While I don’t think anything called a personal health record or PHR will succeed — too much baggage with that term — the start of 2014 seems like a good time to reflect on the future of the-thing-formerly-known-as-the-PHR.

The biggest success story here has been Kaiser, where nearly 2/3 of users use its “personal health record”. I put the term in quotes because the usage isn’t really about the record at all, it’s about specific functionality, namely getting a prescription refilled, emailing your doctor, or scheduling an appointment. The only part that has anything to do with health records is looking up test results, and that’s usually just about whether your latest results are ok or not.

So it’s about helping real people solve real health problems, about getting health stuff done in the right context. (Quick side note: the PHR I worked on at Google failed fundamentally because it didn’t help many people solve real problems.) When the context is interacting with your doctor for a refill or appointment, patient portals like Kaiser’s are outstanding. What about all of the other contexts that matter for our health?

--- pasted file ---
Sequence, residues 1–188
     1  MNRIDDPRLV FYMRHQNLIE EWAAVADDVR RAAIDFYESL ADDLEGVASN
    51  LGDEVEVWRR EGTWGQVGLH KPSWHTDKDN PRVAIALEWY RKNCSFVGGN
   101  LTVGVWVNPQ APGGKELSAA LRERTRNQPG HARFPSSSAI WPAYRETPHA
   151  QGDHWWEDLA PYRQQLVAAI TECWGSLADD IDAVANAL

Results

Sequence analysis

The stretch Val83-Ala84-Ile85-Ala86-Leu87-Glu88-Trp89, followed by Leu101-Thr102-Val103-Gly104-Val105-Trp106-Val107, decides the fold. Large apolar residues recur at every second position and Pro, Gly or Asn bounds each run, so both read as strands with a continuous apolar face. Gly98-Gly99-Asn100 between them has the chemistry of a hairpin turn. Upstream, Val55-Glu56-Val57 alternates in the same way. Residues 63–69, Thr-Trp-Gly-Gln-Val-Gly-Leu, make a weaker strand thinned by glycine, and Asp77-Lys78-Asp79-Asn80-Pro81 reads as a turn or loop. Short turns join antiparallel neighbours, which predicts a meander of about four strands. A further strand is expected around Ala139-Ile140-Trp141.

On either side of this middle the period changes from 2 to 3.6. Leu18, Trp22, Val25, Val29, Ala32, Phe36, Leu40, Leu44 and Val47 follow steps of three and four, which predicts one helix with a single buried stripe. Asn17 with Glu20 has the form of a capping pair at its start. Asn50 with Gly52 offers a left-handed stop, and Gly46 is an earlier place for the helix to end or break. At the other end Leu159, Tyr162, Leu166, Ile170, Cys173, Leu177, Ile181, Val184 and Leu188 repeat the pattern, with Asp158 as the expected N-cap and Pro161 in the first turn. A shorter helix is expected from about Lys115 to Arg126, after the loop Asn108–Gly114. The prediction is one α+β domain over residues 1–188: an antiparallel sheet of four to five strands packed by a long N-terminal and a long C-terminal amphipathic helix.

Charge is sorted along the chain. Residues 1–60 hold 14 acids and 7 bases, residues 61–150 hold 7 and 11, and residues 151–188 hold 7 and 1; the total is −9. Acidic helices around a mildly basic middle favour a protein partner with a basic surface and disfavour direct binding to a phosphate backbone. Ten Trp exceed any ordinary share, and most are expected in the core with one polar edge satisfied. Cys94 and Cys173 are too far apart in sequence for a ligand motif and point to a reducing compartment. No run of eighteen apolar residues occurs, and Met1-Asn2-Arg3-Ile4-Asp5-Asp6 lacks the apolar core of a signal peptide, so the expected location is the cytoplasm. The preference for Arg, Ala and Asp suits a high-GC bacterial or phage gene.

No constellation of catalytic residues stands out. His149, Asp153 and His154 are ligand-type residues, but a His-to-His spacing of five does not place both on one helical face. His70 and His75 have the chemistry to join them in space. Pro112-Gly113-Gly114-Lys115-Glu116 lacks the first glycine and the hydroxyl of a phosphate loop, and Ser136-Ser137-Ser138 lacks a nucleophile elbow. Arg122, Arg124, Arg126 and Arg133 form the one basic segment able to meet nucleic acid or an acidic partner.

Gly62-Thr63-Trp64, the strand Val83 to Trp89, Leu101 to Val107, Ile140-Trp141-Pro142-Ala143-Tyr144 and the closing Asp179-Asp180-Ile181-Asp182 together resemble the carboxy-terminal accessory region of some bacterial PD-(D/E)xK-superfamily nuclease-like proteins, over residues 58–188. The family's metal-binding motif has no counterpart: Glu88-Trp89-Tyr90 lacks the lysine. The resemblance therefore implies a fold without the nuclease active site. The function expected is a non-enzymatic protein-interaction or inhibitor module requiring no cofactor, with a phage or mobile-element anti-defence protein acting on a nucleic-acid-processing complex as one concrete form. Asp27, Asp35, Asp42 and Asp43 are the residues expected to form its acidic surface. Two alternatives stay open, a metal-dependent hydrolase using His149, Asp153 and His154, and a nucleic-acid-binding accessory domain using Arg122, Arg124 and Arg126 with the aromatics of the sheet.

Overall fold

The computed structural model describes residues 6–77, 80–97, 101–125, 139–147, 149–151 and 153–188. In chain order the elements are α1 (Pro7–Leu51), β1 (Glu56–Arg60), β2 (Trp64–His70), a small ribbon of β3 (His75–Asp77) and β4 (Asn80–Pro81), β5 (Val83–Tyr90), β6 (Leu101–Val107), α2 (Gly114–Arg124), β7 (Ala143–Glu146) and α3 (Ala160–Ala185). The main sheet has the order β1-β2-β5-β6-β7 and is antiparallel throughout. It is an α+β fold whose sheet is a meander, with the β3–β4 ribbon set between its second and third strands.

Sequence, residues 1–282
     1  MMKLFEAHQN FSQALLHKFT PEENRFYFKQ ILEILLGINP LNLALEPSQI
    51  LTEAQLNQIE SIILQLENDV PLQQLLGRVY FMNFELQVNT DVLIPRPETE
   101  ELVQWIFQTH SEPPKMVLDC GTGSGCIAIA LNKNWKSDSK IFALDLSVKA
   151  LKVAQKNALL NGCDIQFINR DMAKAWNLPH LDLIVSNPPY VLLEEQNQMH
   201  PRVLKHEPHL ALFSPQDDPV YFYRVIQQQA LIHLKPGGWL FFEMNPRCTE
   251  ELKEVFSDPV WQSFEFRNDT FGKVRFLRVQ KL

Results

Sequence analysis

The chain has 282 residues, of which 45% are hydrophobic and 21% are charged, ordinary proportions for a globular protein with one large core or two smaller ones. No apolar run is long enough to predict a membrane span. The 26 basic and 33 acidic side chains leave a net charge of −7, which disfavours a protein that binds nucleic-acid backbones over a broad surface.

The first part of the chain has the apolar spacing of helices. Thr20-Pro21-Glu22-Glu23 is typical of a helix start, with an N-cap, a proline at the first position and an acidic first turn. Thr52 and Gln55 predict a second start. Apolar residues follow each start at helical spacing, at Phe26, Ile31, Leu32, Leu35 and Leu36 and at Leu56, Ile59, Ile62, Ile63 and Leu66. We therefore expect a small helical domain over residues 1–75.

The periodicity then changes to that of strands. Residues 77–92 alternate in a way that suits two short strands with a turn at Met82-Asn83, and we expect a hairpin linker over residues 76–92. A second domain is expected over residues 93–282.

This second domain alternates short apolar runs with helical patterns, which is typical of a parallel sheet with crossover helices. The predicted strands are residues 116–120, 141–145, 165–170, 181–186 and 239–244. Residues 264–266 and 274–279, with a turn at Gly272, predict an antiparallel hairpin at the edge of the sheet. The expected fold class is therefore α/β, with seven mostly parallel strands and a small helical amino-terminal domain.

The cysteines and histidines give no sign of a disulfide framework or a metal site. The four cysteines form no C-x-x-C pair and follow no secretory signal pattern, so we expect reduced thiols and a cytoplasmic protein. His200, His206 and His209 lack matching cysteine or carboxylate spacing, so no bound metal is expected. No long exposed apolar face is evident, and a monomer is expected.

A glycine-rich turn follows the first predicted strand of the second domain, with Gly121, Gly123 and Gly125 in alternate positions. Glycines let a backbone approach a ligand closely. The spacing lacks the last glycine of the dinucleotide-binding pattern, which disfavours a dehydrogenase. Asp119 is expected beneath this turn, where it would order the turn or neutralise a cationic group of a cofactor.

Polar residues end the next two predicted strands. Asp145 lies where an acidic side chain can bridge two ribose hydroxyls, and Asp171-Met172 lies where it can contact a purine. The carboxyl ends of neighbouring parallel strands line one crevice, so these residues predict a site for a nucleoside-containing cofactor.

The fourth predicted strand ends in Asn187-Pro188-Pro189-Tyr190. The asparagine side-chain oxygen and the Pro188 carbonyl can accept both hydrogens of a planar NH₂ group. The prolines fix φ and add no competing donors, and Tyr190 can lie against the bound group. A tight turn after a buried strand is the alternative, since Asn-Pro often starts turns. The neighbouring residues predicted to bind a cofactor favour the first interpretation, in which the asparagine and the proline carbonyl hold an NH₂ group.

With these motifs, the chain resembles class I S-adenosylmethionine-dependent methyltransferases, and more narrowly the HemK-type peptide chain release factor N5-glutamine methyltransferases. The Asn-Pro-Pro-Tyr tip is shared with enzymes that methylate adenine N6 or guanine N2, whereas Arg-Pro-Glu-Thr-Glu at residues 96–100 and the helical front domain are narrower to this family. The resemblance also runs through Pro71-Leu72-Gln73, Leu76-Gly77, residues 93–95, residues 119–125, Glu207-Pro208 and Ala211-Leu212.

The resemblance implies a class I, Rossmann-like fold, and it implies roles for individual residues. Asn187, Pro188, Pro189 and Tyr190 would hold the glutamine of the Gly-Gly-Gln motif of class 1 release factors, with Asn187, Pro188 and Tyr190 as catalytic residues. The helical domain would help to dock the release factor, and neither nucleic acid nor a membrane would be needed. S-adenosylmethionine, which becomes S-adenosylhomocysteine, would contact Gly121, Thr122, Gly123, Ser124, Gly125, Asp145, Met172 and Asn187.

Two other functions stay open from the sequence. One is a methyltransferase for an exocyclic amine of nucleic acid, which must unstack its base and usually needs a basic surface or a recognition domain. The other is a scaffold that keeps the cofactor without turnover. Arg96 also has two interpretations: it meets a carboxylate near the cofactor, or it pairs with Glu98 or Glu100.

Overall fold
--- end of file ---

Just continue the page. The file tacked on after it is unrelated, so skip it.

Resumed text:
I expect to see more “vertical” tools and solutions that tackle specific problems exceptionally well. While in the health world we tend to want one solution that does everything, the consumer technology world suggests that the commitment and focus of innovators who are passionate about their problem leads to winning products. I’ll bet on Misfit Wearables over Nike in the self-tracking space, and while I can’t live without Gmail or Google Docs, if I need a nearby restaurant I go to Yelp.

We’ll see someone — perhaps CareDox — do an awesome job with immunization tracking + school and camp forms, because that’s a pain point and doctor’s offices don’t have enough incentive to do it really well on their own. My favorite (and biased) example is Hula, a service which helps you get STD testing, retrieve the results, AND share the verified results with someone before having sex with them. Might sound crazy to some, but think about the number of people for whom this should be a touch point for health and prevention. I said biased because I’m an advisor to Hula, though I’ll also mention that I asked them if I could be an advisor, not the other way around.

Let’s get vertical.